Raw Deal: Hidden Corruption, Corporate Greed, and the Fight for the Future of Meat
Wow, Sorvino’s Raw Deal is about as depressing as they come. “They” being critiques/exposés of the food industry systems in the US. This one is relentless. But not very original. Unless adding even more rotten cases to the steaming dung heap of social outrage is considered originality.
Section one covers a multitude of industrial food sins in a watered-down history lesson of sorts explaining how the heck America got itself into this mess of mono-crop megalith monopolies that rub shoulders with the US government and legal systems. To say that it was all built on scandal, blackmail, bribery, and international espionage would not be too far off.
We’re talking a trillion-dollar industry to feed the 332 million people in our country every day. From soil, to seeds, to crop growing, to harvesting, slaughtering, distribution, preservation, packaging, product development, and the location of all of these endeavors, which incidentally are all run by people—the very ones who will be hungry after a long day of literally slave-like labor conditions. Money rolls around this system in droves, just not necessarily to the folks that would make one’s heart warm and fuzzy knowing they got just a bit higher up on the socio-economic food chain.
Sorvino’s solution to rampant corruption? Just don’t let anything get too big. She plucks out a few small operators as examples of optimal size and the “correct” business model that all late-capitalist companies should be modeled after if they care about accelerating the changes that are needed in this systemic crisis. Not a few thoughts later, she admits that this is a tall order and not enough to produce anything substantial. The truth of the matter is that the megalith monopolies have to divest themselves voluntarily into her ideal model. Change coming from the top? Or change coming from the bottom? Or change from everything in the middle of this gigantic system? She seems to call for change from every which way and them shreds them for trying.
Section two confuses things even more in three short chapters. Climate change, antibiotics, and meat accessibility are added to the discussion. The climate change section in particular is more of an offbeat discussion on soil quality and determining how much meat production is enough given that the amount of waste every year could feed all the famine-stricken locations around the world. More efficient and effective care of the land is in order, not necessarily more toxins and chemicals. Or just stop eating meat altogether.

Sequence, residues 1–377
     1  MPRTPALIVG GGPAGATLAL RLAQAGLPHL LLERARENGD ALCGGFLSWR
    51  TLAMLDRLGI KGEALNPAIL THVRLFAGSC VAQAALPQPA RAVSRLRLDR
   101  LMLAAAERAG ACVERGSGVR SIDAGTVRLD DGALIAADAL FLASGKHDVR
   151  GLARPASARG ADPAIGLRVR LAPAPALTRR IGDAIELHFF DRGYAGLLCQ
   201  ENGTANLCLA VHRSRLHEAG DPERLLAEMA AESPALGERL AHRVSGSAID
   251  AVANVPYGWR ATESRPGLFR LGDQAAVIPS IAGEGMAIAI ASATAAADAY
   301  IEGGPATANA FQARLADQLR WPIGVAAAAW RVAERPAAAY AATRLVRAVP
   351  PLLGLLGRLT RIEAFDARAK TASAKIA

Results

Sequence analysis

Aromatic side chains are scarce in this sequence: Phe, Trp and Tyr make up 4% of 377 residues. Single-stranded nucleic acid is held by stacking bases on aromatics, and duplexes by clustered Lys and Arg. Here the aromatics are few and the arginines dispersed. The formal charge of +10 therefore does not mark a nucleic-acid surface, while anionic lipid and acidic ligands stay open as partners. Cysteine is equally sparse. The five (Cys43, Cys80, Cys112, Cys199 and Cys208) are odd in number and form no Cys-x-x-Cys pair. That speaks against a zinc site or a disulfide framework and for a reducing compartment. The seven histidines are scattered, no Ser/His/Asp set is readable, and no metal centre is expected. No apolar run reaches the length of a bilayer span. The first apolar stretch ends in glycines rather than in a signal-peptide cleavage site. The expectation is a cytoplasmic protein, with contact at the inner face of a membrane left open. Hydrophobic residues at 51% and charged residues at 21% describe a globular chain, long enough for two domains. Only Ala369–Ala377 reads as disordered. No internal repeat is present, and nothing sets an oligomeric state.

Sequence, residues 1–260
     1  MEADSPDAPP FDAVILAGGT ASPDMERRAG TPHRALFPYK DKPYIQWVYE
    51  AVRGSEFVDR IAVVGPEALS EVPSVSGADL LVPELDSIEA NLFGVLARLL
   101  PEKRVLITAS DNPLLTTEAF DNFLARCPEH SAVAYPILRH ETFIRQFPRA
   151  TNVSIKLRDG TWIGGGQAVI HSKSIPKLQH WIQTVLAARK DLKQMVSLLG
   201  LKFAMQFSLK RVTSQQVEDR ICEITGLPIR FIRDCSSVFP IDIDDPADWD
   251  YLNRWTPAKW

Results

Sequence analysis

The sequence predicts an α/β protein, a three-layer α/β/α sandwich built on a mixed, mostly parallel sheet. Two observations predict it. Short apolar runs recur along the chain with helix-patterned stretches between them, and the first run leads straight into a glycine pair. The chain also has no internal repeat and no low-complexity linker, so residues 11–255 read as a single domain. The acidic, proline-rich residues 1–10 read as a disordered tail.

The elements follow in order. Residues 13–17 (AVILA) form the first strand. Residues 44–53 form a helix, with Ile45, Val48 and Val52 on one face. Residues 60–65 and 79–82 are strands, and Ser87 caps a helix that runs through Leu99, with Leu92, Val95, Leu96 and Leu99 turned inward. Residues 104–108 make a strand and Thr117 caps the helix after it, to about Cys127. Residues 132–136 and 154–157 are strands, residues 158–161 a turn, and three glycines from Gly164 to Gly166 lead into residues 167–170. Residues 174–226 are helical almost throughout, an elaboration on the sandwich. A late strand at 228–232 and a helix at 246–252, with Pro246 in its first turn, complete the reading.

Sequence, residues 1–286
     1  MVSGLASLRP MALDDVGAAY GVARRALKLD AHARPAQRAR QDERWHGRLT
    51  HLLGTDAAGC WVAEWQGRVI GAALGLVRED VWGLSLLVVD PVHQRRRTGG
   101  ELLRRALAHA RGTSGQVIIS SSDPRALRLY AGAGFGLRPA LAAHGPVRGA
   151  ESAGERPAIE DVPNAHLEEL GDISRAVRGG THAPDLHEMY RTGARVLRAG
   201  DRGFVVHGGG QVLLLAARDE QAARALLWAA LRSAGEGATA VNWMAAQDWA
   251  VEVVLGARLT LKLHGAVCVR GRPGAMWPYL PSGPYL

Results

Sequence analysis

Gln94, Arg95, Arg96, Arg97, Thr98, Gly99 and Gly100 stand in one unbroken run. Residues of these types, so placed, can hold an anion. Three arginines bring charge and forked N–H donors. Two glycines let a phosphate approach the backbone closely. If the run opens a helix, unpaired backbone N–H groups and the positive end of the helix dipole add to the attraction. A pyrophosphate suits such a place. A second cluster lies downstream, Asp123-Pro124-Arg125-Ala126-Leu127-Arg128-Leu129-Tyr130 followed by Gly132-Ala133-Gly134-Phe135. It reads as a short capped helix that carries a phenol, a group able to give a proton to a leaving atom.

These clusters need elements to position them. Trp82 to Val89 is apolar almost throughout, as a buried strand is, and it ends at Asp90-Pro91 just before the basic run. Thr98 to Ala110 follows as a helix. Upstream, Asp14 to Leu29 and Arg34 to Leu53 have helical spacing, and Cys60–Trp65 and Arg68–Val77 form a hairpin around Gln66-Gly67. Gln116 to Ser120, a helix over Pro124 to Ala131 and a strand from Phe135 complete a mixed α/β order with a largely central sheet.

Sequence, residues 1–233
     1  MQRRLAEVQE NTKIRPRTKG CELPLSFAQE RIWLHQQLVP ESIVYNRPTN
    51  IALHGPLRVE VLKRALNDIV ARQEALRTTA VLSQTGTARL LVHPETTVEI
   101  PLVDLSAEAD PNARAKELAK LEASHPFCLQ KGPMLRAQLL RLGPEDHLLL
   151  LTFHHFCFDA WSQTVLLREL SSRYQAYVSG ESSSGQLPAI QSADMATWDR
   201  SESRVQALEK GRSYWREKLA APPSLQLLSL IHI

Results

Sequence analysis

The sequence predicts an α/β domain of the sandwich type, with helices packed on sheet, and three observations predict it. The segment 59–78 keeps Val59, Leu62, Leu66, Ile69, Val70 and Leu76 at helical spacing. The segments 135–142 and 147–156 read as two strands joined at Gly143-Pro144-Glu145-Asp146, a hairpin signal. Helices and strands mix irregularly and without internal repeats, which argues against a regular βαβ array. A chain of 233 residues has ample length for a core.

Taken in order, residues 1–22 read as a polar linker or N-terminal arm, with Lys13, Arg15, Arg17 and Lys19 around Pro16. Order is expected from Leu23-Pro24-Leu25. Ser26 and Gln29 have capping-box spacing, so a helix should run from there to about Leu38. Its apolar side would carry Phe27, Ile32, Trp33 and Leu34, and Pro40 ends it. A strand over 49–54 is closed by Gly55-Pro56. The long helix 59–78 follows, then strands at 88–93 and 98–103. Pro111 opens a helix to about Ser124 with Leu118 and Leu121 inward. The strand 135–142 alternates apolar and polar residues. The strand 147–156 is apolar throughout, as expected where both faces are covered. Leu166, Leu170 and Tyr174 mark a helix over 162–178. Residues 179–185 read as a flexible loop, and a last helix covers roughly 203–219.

Speaking of not eating meat, Section Three pulls meat alternatives into the final basket of dung-heap worthy ideas. Starting with a revisit of the “Climate Crisis” tag line, she again skirts into it by way of non-climate related topics: free range bison meat and the largest landowners in the system who all happen to be private billionaires, or otherwise untouchably powerful people.
Next in the line of fire, Sorvino jumps off from free range bison meat to genetic chickens, IPO fundraisers dumping obscene amounts of money into synthetic protein burger research and development, meatless meat sources, and 3D printing of steaks. She covers a bit about NASA creating Air Protein systems designed to convert carbon dioxide into a nutritious organism. And, not to be forgotten in this long stream of alternatives, mycoproteins—single-celled proteins from fungus.
All of these lab-grown proteins, which she covers here, in full disclosure and blatantly non-journalistic, Sorvino admits, she is not a fan of any of it—her opinions run more rampant than the slaughterhouse chickens with their heads cut off. These “foods” will not be on her table any time soon. She even discusses the facts that conclude that these non-meat protein alternatives are even more harmful to the earth than our traditional sources. The “raw deal” in this case is that the R&D dollars are being used to fund pointless and harmful endeavors that don’t solve any of the food system problems. This is money that is, in zero-sum fashion, not being put to better use elsewhere.
Her final call to righteous arms: Eat, “food that actively works to build stronger and healthier communities, with workers who are treated justly and have a seat at the table . . . it’s produced sustainably, with minimal inputs . . . that replenishes soils and encourages biodiversity, without leaving behind waste and water pollution. This definition should exist at all ends of the supply chain, from ranch to slaughterhouse to distributor to retailer.”
Sorvino rants from the top of her millennial soapbox about absolutely everything that has been wrong with food production and distribution for decades as if we didn’t know any of this until now. In a bit of a twist, she also rants about how ineffective various “solutions” are and why it’s all a waste of time, which we don’t have much left of to waste. Basically this is a hurry up and worry book. Raw Deal simply complains that no one who matters to her is benefitting from anything in the food systems that are in place. Workers and the planet are all getting a raw deal, everything requires Herculean efforts, and eaters are ending up with a lot of tasteless food stuff void of quality nutrition.
The raw deal is that so much needs to change it’s not even funny, actually it’s nauseating. Ultimately, how Sorvino personally eats, shops, cooks, and experiences food, is the “best” right way to go about solving this vast complex problem for our entire country. If we could all be a little bit more like her and care enough to do some good while selectively eating a hamburger, things would get better soon.